Research Suggests SARS-CoV-2 Could Survive for a Month on Refrigerated or Frozen Meat Products

Workers of Dongjin Frozen Meat Co Ltd in protective clothes process the slaughtered pigs (in the packing section) in the frozen pork plant in Huidong, Guangdong, during a media tour by supermarket chain Wellcome. 16 August 2006 (Photo by Edward Wong/South China Morning Post via Getty Images)

SARS-CoV-2 surrogates can survive on meat products in the refrigerator or the freezer, for up to 30 days. Those findings are published in Applied and Environmental Microbiology, a journal of the American Society for Microbiology.

The research was conducted using chicken, beef, pork and salmon, and surrogate viruses with spikes similar to those on SARS-CoV-2, as surrogates, said first author Emily S. Bailey, Ph.D. The investigators stored the products at both refrigeration (4oC, or 39.2oF) and freezer temperatures (-20oC, or -4oF).

“Although you might not store meat in the fridge for 30 days, you might store it in the freezer for that long,” said Bailey. “We even found that the viruses could be cultured after [being frozen for] that length of time.” Bailey is assistant professor, Department of Public Health, College of Pharmacy and Health Sciences, Campbell University, Buies Creek, N.C.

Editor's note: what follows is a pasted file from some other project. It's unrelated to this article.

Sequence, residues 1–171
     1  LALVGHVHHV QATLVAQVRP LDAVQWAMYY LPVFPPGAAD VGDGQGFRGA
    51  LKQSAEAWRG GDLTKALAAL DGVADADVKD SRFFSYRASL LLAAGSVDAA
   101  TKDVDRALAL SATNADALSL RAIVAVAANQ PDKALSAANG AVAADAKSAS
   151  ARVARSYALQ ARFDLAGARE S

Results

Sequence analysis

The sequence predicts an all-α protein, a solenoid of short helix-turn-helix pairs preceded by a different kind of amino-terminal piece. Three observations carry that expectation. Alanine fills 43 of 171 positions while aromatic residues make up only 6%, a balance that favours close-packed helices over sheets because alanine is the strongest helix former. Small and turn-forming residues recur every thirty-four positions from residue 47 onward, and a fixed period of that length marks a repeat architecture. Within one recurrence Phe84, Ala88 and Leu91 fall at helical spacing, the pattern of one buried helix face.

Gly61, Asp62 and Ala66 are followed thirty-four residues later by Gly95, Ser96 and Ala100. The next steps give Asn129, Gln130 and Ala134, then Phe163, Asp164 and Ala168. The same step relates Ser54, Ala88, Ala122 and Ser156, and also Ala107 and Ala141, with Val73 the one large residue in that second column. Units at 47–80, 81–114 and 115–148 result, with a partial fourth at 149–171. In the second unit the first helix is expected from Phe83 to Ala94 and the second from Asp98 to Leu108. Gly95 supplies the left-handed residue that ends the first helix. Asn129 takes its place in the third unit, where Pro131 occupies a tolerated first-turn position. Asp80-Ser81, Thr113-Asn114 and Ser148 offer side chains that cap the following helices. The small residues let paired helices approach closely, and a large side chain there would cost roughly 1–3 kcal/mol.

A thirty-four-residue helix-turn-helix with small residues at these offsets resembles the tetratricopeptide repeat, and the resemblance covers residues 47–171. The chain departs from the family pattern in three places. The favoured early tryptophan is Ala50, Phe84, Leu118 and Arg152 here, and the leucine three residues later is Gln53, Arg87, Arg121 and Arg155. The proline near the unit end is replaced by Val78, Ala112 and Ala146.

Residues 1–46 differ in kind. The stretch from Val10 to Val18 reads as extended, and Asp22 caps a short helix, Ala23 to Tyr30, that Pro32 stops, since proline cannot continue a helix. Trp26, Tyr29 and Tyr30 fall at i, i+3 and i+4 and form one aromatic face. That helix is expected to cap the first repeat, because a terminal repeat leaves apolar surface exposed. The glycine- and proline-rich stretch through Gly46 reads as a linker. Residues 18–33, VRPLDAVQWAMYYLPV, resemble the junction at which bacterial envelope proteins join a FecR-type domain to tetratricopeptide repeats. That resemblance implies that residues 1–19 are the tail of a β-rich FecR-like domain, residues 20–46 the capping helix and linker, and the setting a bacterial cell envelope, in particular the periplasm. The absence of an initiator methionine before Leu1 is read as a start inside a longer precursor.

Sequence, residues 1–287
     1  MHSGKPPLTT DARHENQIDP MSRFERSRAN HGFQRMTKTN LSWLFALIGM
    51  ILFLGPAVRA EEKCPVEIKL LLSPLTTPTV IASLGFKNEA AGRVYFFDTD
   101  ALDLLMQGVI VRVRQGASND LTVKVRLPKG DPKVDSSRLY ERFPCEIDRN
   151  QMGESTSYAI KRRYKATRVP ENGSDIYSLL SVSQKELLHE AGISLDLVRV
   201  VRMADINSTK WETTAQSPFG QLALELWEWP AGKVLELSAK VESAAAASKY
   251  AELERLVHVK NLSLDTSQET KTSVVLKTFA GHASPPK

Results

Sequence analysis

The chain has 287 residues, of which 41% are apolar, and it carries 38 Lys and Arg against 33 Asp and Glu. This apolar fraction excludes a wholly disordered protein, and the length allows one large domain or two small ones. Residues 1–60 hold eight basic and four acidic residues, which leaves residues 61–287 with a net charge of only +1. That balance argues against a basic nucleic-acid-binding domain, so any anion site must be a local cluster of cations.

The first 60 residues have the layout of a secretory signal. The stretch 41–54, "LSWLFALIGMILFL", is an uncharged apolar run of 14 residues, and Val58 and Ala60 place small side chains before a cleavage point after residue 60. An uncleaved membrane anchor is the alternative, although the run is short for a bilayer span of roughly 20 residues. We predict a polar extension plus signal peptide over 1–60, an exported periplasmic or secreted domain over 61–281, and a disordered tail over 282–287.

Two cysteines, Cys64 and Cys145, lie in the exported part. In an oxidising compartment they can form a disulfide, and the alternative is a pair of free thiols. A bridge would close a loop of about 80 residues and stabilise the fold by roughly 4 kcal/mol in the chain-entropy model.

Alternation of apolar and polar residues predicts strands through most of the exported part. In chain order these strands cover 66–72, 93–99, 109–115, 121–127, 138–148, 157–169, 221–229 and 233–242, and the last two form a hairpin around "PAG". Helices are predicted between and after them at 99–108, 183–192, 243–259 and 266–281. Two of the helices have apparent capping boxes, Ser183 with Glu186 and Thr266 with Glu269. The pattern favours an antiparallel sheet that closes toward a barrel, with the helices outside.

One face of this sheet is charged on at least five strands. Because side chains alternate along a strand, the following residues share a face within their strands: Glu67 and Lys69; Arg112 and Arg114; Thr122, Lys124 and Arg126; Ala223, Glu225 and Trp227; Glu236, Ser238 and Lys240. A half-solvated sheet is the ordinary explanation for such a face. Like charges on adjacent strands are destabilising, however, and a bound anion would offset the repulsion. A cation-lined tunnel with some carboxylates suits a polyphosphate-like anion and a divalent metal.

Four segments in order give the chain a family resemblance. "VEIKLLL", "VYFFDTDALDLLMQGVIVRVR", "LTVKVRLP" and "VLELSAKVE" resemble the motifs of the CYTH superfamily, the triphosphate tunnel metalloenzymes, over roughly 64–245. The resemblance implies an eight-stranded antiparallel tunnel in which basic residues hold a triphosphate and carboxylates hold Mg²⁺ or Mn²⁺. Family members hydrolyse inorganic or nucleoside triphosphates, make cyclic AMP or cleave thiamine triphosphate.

The investigators undertook this research after learning that COVID-19 outbreaks were occurring in Southeast Asia absent prior community transmission. Reports from those communities “suggested that packaged meat products, produced in areas where SARS-CoV-2 was circulating, could have been the source of the virus,” said Bailey. “Our goal was to investigate whether or not similar viruses could survive in this environment.”

The research is important because SARS-CoV-2 can replicate within the gut, as well as in the respiratory tract, said Bailey.

In the study, the investigators used 1 RNA virus with a lipid envelop, and 2 animal coronaviruses, murine hepatitis virus, and transmissible gastroenteritis virus as surrogates.

All 3 viruses have previously been used as surrogates for SARS-CoV-2, generally with greater reductions in their numbers observed at refrigeration than at freezing temperatures. The reduction in numbers also varied according to the food item used.

“Continued efforts are needed to prevent contamination of foods and food processing surfaces, worker hands and food processing utensils such as knives,” the investigators wrote. Additionally, “the lack of, or inadequate disinfection of these foods prior to packaging needs to be addressed.”

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